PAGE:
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Ice particles in clouds can affect the climate

Smoke pillar in front of cloudy forest. Photo.
John Falk presents his dissertation on how combustion affects cloud droplet and ice particle formation in the atmosphere. Photo: Eberhard Grossgasteiger, Unsplash

Primitive stoves and diesel engines produce soot particles, besides being bad for your health, have a negative effect on the climate. By affecting the atmosphere’s ability to form cloud droplets and ice particles, soot can dislodge the radiation balance. This according to doctoral student John Falk, who is currently working on his dissertation about cloud droplet and ice particle formation in clouds.

Soothing, beautiful, disturbing, boring or depressing. Clouds can be many things depending on the weather and the mood of the viewer. But no matter what they may look like, they always play a very important role for life on earth.

A cloud consists of small airborne water particles (cloud droplets and/or ice crystals) which reflect and scatter both sunlight and the earth’s heat radiation. In addition to being an important part of the global water cycle, the cloud cover around the earth accounts for a large part of the global radiation balance which when disturbed can have far-reaching consequences for the climate. In a world with no humans, or at least without humans that give rise to pollutants, the system is in balance. However, in todays polluted world it is relatively certain to say that humans have affected the atmosphere’s ability to form cloud droplets and ice nuclei particles. The main source of soot particles is different types of combustion.

Someone who knows a lot about this is doctoral student John Falk who is currently working on his dissertation on cloud droplet particles and ice particle formation.

"Humans release large amounts of particles into the atmosphere, mainly through the combustion of biomass. This is a major problem, especially in poor countries where people are forced to burn biomass or agricultural waste to be able to cook and to have access to heat and lighting."

Small, but important impact

Through laboratory studies John Falk has looked at how particulate emissions from various sources, mainly from traditional stoves (common in sub-Saharan Africa) and diesel engines, can lead to formation of cloud droplet and ice formation. He has also generated soot particles using a flame soot generator in the laboratory with the aim of studying how their properties affect the ability to form ice. But despite the attempts, John Falk does not want to give a definitive answer as to whether, or to what extent, soot particles affect cloud formation.

"However, other particles from the combustion of biomass seem to have a potentially large impact on the clouds by, among other things, changing precipitation patterns."

So far, knowledge about ice particle formation in clouds has been scarce and researchers have long tried to determine whether soot contributes to an increased proportion of ice particles in the clouds. In recent times, however, the researchers have begun to lean towards them not having a significant impact and John Falk has reached similar conclusions. That is that soot is generally inefficient at forming ice particles. But due to the extremely large amounts of soot that humans generate, the effect on the cloud cover may still be significant, especially at regional levels.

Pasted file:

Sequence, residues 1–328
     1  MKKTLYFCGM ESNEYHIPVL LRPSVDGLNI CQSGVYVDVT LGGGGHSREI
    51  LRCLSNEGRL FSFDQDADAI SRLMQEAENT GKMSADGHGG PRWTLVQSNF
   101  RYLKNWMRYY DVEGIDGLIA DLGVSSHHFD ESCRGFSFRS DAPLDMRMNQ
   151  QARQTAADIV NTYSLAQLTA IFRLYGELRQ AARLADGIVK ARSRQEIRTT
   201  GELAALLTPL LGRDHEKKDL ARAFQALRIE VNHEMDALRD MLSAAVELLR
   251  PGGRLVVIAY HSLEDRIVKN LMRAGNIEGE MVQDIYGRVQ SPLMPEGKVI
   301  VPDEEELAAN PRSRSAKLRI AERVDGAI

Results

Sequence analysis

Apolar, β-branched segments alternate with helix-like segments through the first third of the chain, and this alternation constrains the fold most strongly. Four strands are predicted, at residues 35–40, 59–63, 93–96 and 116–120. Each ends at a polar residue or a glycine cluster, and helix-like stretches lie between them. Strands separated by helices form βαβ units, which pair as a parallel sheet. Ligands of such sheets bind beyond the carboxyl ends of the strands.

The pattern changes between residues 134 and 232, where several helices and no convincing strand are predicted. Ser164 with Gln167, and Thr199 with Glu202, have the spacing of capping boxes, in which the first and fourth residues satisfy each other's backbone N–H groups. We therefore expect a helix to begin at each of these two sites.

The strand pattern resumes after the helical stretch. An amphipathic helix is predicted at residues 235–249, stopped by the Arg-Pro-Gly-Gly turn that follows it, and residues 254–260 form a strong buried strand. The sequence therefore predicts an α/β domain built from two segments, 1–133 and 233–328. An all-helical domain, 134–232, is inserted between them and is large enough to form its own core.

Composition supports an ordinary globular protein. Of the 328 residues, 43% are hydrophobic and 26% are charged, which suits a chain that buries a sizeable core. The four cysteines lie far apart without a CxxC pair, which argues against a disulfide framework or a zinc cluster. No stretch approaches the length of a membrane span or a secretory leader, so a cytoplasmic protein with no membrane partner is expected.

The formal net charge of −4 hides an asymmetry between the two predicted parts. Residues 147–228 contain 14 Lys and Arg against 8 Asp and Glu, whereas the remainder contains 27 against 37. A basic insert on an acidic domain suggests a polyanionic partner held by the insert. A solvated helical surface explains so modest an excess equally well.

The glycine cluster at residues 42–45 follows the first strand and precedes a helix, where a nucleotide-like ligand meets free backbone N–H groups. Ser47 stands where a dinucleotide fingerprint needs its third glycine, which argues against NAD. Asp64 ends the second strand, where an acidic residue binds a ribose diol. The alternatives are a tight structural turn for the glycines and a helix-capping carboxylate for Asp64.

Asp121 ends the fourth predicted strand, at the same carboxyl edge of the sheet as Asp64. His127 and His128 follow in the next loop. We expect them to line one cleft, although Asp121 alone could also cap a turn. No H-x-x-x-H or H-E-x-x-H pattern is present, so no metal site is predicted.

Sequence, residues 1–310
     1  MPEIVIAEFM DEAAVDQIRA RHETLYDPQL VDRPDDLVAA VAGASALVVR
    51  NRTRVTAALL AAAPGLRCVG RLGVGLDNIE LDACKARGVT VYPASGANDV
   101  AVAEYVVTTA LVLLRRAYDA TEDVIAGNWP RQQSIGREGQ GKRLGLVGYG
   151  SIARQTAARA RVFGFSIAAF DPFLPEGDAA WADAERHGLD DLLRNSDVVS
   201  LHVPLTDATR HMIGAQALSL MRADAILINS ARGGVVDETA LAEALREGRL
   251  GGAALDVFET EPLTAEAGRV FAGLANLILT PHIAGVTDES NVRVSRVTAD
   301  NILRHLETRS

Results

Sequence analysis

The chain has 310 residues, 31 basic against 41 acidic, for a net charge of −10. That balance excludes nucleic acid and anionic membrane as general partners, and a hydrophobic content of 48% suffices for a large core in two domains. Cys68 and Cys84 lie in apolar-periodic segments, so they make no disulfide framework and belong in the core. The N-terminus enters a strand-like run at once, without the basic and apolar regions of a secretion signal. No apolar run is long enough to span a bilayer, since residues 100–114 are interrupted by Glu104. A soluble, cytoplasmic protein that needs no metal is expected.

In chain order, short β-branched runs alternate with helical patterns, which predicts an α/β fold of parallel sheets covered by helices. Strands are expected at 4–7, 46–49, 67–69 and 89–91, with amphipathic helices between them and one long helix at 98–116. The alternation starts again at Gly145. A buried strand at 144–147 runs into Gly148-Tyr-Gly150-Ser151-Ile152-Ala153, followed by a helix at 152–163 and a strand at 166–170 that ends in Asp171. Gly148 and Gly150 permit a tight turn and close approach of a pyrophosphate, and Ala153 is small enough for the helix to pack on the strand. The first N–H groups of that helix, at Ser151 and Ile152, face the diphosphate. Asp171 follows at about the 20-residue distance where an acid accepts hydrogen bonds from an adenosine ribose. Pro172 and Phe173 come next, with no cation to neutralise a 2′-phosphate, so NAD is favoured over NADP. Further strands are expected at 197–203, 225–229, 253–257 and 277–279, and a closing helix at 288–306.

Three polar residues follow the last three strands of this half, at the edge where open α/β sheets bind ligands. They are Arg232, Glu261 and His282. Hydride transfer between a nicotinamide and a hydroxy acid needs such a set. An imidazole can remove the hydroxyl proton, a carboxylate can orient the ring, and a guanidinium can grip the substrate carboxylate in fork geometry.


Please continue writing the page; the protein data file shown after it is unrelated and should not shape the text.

"Since these are such large quantities, it is still important to understand how they are formed and what makes them able to be formed. A few ice particles in a cloud otherwise consisting of only cloud condensation nuclei can drastically change the properties of the cloud", he says.

Since no soot particle is the same as the other, the biggest difficulty according to John Falk has been to try to identify which properties of the ice nucleating particles that give them its ice-forming abilities.

"The methods that exist for measuring the properties of particles are based on a kind of means of larger groups of particles. In the event that only a small proportion of soot particles would have properties relevant to ice formation, it is not possible to identify them with these methods. This is a limitation we have had to work with, but we have still had the opportunity to study the general characteristics, which if nothing else provides a good basis for further studies."

Cleaner stoves not always better

Three to four billion people are estimated to use traditional stoves and traditional fuels (everything from wood to petrol to liquid gas) to heat and light their homes and to cook. Not only does the air pollutants contribute to global warming, they are also linked to an increased incidence of tracheal diseases, lung cancer and cardiovascular diseases, which are responsible for more than four million premature deaths every year.

John Falk describes his research as fairly basic, but believes that it can contribute to better understanding the large-scale consequences of anthropogenic emissions, for example in development of better climate models. Mainly because it is important to understand the extent to which different combustion sources lead to the formation of ice and cloud condensation nuclei and thus their climate impact.

So, if soot particles are bad, will the problem be solved if people in poor countries buy an electric stove? Well, it's not that simple, according to John Falk.

"It is a complex question. Cleaner stoves are clearly better for our health, but they are generally not an alternative for the large proportion of the population in poor countries. Also, cleaner emissions from stoves could potentially lead to fewer cloud droplet-forming particles and thus a warming effect. It is therefore important that we better understand these particle sources in order to be able to make more informed decisions for the future."